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What can you do to help Israel?
June 8th, 2001
Did you know that since the Mitchell Commission issued its call for a unilateral cease-fire between Israel and the Palestinian Authority three weeks ago, bombs and shootings have continued to kill, maim and wound people almost every day in Israel?
As time goes on and there seems to be no end in sight to the terrible situation in which Israel finds itself, my heart goes out to my brothers and sisters who do not know what the next moment will bring.
Please understand that when I cry for “my brothers and sisters” I do not wish harm on anyone. There should be no bloodshed at all.
But I cannot help it when my heart goes out to my people — the Jewish people, who are my family. They are innocent. They hold no swords or guns or stones.
In the past, people picked themselves up and went to fight in a war. Today there is no official front on which to fight. All of Israel is the front.
In this situation, many of us feel helpless and ask, “What can I do about the situation in Israel?”
Although we have plenty to tell the politicians, the military and all the other major players, many of us still feel powerless in the realm of politics and wonder what we should do besides sit and read bad news in the papers.
There is something we can all do that will help. We can do a mitzvah on behalf of the people in Israel. Yes, a mitzvah! An act commanded by G-d to the Jewish people.
The mitzvahs are G-d’s instruments through which He sends His blessings. They have His effects. And some mitzvahs have the effect of protection, lengthening one’s life and offering of good days.
We need to know that the Jewish nation is not a conglomerate of individuals. We are one whole with many faces. Whether you are a professor in Haifa or a settler in the territories, Russian or American, Orthodox, Reform or unaffiliated, you share in the actions and destiny of all other Jews.
Our enemies couldn’t make this point any louder for us: They tell us that if one Jew is to blame for what is going on right now, then all of us are to blame. This works the other way as well, even more forcefully: When one Jew does good, all of us are uplifted. The Jewish people are like one body consisting of many parts and limbs. What happens to one affects us all, and a good deed of one Jew merits all of the Jewish people.
A miraculous nation
Remember, this is the Jewish nation, a miraculous nation. We have never survived by natural means, but by a succession of unpredictable miracles. When was the last time in history the Jewish people appeared to be a viable venture, capable of lasting another century?
Our survival was never a matter of having the right treaties, friends, economic or military strategy. When all looked secure and stable in the time of Esther, we were threatened with annihilation. When it looked impossible to the Maccabees, we emerged victorious.
So the pattern — or lack of it — continued throughout the ages. Playing the game as well as Egyptians or Persians or Romans or Spaniards or Poles or Germans never helped much. Yet while empires crumble into history, we are still here, alive and invincible as ever.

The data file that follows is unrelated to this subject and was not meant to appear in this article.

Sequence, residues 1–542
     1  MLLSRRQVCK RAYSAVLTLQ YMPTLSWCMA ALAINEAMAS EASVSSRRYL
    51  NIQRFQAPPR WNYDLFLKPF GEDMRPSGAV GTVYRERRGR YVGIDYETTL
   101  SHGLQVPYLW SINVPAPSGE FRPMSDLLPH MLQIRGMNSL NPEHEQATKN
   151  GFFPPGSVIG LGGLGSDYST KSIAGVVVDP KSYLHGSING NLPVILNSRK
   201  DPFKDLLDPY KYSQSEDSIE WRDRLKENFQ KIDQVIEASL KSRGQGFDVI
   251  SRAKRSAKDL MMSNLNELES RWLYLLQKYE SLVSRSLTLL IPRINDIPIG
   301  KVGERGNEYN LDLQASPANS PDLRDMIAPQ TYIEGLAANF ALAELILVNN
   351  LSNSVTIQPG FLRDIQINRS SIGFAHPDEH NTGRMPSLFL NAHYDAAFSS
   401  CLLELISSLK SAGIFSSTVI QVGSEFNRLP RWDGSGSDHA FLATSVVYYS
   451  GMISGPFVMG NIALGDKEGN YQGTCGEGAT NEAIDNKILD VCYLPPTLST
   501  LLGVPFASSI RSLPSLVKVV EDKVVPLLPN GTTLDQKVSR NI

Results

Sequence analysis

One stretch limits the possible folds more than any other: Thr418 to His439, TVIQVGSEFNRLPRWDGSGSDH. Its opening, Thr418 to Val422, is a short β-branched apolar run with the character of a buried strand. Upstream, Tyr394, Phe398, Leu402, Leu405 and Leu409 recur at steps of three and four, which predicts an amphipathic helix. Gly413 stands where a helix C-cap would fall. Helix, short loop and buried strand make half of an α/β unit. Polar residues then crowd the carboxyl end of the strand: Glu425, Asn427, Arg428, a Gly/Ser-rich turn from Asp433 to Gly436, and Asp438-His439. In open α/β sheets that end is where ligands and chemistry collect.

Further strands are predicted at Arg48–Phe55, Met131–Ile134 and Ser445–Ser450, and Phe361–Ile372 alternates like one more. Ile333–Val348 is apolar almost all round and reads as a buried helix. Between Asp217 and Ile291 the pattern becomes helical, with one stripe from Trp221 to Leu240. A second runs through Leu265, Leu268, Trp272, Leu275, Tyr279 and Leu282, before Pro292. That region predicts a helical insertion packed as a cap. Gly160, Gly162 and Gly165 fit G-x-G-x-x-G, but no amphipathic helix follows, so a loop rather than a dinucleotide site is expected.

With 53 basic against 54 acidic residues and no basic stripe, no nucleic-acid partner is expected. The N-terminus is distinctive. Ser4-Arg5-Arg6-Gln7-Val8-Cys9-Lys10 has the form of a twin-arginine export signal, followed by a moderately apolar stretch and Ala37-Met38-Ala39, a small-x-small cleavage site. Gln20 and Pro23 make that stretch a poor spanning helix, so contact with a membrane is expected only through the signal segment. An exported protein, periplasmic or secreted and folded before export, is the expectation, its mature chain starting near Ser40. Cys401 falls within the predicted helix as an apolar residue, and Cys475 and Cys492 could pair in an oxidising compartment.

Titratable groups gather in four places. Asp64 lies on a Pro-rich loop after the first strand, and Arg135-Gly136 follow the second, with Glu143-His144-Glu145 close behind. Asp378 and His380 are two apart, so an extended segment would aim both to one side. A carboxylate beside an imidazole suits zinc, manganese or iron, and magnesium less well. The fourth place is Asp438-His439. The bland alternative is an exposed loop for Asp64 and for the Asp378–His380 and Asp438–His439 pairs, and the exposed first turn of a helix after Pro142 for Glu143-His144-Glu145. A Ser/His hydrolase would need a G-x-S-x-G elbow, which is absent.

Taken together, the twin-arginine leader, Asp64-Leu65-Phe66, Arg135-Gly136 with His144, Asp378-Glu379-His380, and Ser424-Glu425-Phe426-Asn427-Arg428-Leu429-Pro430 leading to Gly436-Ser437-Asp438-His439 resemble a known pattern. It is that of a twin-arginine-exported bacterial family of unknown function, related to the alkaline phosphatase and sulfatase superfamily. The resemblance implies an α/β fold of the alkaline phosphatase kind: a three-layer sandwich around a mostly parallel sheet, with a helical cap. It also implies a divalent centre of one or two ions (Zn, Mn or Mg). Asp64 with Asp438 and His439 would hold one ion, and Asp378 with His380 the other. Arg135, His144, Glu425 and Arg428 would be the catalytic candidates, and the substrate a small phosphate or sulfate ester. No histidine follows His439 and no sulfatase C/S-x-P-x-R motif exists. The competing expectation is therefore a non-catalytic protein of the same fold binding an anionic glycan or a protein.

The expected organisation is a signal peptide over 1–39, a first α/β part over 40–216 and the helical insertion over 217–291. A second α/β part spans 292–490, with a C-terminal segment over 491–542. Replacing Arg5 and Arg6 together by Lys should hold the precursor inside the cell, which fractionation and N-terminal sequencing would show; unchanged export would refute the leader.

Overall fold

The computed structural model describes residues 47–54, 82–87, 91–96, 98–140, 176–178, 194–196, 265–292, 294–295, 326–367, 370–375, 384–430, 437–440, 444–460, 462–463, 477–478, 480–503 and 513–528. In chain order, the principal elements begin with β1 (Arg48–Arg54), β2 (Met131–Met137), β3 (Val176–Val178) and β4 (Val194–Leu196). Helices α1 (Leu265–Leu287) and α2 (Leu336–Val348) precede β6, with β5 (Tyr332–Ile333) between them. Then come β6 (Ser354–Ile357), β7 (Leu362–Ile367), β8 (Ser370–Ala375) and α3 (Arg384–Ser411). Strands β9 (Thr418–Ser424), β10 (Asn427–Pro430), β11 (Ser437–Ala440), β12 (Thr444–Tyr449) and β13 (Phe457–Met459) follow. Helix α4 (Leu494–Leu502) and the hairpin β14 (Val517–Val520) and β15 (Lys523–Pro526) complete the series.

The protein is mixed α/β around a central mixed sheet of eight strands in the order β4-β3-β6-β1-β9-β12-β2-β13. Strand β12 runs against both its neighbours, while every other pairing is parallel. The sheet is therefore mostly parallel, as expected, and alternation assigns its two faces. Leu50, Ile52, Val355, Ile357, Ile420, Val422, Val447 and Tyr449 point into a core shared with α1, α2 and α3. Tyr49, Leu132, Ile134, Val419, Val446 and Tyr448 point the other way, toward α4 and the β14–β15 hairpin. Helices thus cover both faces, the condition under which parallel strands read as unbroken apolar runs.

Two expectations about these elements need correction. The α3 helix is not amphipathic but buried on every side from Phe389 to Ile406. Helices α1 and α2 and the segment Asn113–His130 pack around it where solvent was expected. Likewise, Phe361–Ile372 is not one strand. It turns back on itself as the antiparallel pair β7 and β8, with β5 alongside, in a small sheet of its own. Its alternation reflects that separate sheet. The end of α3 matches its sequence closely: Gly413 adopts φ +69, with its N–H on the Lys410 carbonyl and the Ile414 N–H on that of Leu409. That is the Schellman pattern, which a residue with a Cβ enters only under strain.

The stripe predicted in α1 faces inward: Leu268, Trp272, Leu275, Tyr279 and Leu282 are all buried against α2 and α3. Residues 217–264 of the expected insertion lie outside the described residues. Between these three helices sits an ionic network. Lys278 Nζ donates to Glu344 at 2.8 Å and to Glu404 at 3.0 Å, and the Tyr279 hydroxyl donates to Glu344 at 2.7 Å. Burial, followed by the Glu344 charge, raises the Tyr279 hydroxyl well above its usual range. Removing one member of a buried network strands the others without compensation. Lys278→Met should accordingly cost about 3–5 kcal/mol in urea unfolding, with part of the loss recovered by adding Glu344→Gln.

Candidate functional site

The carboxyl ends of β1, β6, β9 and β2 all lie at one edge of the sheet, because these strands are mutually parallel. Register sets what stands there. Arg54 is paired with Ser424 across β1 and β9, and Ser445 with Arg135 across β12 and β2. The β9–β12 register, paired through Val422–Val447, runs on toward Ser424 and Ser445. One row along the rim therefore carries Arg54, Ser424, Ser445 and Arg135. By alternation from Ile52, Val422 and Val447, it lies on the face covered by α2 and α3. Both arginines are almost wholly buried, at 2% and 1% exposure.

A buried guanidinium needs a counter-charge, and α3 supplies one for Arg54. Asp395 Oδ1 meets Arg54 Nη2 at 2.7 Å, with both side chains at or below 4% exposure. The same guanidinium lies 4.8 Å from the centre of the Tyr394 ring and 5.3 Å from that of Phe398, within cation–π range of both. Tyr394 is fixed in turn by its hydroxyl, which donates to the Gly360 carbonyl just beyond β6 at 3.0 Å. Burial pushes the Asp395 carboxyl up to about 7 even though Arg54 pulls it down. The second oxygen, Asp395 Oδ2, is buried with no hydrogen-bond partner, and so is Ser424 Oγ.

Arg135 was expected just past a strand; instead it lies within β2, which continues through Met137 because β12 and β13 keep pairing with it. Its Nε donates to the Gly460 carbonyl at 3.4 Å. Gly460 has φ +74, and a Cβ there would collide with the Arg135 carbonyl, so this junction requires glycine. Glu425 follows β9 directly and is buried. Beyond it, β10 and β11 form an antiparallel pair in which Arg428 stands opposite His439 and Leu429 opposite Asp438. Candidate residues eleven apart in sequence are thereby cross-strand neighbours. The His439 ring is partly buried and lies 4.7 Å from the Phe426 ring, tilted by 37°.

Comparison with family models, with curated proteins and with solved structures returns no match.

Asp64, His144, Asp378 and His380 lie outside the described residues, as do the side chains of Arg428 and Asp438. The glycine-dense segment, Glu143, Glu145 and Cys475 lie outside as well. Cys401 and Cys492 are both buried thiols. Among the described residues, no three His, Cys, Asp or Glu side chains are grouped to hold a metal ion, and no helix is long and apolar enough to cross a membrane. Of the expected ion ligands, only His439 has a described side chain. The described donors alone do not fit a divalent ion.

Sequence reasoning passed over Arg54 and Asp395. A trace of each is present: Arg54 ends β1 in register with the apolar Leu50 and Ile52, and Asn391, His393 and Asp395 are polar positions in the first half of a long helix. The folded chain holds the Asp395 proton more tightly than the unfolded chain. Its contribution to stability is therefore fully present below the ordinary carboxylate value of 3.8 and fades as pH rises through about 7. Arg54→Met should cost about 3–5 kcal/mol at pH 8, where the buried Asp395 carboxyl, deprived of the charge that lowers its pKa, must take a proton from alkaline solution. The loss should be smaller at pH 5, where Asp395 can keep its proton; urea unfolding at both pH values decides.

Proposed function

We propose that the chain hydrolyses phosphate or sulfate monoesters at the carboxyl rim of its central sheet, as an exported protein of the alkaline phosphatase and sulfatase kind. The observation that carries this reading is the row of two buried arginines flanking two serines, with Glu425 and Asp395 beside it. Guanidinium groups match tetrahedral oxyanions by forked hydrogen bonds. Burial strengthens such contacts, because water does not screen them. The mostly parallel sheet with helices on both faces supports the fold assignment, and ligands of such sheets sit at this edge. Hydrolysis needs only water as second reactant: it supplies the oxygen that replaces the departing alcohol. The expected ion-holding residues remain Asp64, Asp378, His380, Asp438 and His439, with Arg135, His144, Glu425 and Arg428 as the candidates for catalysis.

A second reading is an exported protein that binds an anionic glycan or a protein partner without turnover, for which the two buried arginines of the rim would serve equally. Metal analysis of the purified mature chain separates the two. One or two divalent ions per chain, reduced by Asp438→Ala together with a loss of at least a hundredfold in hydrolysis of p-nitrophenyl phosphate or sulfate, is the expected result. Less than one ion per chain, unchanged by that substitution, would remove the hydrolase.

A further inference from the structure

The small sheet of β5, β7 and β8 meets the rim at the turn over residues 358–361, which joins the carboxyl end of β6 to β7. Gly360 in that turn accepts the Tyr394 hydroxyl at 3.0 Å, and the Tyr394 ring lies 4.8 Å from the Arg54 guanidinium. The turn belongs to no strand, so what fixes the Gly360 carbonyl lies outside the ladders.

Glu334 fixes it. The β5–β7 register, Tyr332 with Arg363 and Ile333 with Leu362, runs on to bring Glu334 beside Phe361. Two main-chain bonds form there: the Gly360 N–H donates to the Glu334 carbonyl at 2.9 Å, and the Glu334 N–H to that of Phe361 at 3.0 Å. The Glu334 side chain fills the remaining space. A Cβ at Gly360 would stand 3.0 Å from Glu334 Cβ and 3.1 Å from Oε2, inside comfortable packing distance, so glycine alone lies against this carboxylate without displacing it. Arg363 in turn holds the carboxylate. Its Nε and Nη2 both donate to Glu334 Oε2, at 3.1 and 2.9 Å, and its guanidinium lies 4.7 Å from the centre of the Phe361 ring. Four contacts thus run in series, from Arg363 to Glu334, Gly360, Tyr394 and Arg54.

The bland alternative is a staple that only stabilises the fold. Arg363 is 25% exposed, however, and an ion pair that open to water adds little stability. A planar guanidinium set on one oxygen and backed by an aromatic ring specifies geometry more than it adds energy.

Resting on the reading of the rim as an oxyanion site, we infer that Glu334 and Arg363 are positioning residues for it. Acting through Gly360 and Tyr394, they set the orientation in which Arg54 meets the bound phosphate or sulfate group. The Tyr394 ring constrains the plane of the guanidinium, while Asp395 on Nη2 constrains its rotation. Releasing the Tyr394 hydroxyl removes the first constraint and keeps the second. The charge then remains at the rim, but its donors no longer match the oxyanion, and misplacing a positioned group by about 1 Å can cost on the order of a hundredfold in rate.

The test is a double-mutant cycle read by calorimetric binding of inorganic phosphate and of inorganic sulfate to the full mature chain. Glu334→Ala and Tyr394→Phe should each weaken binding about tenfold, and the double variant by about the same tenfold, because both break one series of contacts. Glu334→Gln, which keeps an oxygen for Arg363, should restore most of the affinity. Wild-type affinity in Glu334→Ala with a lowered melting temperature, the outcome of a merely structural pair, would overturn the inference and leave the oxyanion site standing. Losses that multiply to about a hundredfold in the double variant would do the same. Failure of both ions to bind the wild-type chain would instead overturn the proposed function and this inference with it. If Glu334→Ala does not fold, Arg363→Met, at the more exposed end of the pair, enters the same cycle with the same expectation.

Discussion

That is not to say that we mustn’t fight for our survival or that we should avoid politics altogether. Esther played politics and the Maccabees fought.
But they didn’t rely on those things. They saw them only as an adjunct to a higher strategy. They knew that the real cards lie not in the hands of warriors or kings, but in the hands of the One Who spoke and the world came into being.
In situations similar to ours, the Rebbe, Rabbi Menachem M. Schneerson of blessed memory, taught (based on the teachings of the Torah, Talmud and Midrash) that certain mitzvahs have the powerful effect of protecting Jews from their enemies.
The Rebbe pointed to the Talmud, which states that tefillin cause fear upon the nations of the world and reverence before a Jew; mezuzahs are to help in the protection of the Jewish people in and outside the home; and that tzedakah saves lives. For G-d said, “You brought life to the poor, I shall offer you life.”
In addition to these mitzvahs, you can also add a special chapter of psalms to your daily prayer (suggested psalms: 20, 22, 100 and 150); and try to remember other mitzvahs such as lighting Sabbath candles on Friday evening.
You can perform these mitzvahs whether you wish to identify with our family — your brothers and sisters in Israel — or whether you think you can actually help them, help yourself and help Jews wherever they may be.
Join with the many thousands who are already doing so. It is not hard to give additional tzedakah by dropping a few coins each day in a charity box. By doing even that, you can unite with Jews the world over. Unite with your ancestors. Unite with the present and the future of the Jewish people. Unite with yourself. And unite with G-d.
Remember, our Sages have said: “One deed is better than a thousand sighs.”
May the Merciful One listen to our prayers and look on our deeds and respond to our cries and protect all of the Jewish people in Israel and the world and may the Master of Peace bring peace to the entire world.
Rabbi Israel Shmotkin is executive director of Lubavitch of Wisconsin.